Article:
During this project, a methodology for the intramolecular direct addition of a simple amine to an olefin promoted by a catalyst based on iron as an abundant, cheap and low toxic metal, was developed. The study of the various elementary steps of the addition reaction has elucidated the operative mode of the catalyst, which was then used to improve the overall efficiency of the methodology. The scope of the methodology was reviewed and its limitations have been highlighted.

The development of a catalytic system based on iron as a abundant, inexpensive, and low toxic metal to directly add an unprotected amine on a non-activated olefin, offers real prospects in the academic and industrial field of carbon-nitrogen bond. This methodology will provide access to nitrogen heterocycles whose economic sector of the cosmetics industry, food, agrochemical and pharmaceutical industries are particularly important.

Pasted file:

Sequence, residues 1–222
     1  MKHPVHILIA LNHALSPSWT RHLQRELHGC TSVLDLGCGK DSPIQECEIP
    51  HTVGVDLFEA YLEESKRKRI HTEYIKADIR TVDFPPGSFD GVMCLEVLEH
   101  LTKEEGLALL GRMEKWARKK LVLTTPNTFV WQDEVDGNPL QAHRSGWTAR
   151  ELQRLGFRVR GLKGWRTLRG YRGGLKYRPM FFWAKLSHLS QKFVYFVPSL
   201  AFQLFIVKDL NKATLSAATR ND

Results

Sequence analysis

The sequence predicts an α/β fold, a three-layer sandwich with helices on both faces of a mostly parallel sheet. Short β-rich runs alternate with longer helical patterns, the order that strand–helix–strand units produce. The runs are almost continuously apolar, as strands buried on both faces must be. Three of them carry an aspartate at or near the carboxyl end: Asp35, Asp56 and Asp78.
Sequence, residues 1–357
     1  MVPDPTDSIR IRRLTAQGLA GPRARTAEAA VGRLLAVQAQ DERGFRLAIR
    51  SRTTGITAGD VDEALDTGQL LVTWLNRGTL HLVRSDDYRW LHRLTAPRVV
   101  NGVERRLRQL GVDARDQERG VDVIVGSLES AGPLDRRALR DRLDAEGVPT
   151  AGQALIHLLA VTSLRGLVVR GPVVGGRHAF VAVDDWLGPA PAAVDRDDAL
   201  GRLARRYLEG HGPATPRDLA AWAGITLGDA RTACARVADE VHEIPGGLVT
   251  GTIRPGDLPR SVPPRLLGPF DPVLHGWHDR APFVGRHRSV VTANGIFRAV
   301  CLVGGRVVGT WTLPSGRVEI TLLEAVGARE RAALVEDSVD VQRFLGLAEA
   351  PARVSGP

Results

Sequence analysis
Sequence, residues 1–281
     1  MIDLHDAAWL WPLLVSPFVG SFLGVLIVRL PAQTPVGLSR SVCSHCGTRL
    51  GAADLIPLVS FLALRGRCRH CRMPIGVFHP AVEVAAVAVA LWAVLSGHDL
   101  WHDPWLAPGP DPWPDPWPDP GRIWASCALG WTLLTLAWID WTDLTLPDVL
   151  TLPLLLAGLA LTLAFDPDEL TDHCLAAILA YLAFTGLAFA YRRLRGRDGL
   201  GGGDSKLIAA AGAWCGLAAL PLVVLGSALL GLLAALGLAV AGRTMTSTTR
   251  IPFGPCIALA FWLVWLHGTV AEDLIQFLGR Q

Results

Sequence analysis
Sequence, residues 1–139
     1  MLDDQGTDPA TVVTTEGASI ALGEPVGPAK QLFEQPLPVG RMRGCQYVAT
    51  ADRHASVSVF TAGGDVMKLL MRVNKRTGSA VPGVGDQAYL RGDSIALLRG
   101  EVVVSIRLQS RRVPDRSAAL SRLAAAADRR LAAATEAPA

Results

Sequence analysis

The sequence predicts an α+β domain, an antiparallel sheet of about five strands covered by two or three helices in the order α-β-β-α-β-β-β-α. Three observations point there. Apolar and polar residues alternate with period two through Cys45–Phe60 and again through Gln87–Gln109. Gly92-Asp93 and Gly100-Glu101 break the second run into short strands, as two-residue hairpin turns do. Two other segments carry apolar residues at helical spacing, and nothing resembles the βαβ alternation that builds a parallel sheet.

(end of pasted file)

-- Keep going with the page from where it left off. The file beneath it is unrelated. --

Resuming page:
The project results have so far led to the publication of an article in an high impact factor journal. This article has aroused some invitations to write scientific reviews in the field. A second article will also be shortly submitted in a journal of high impact factor. This work has led so far to three oral presentations and three poster presentations at national and international conferences. These results were also presented at three invited lectures.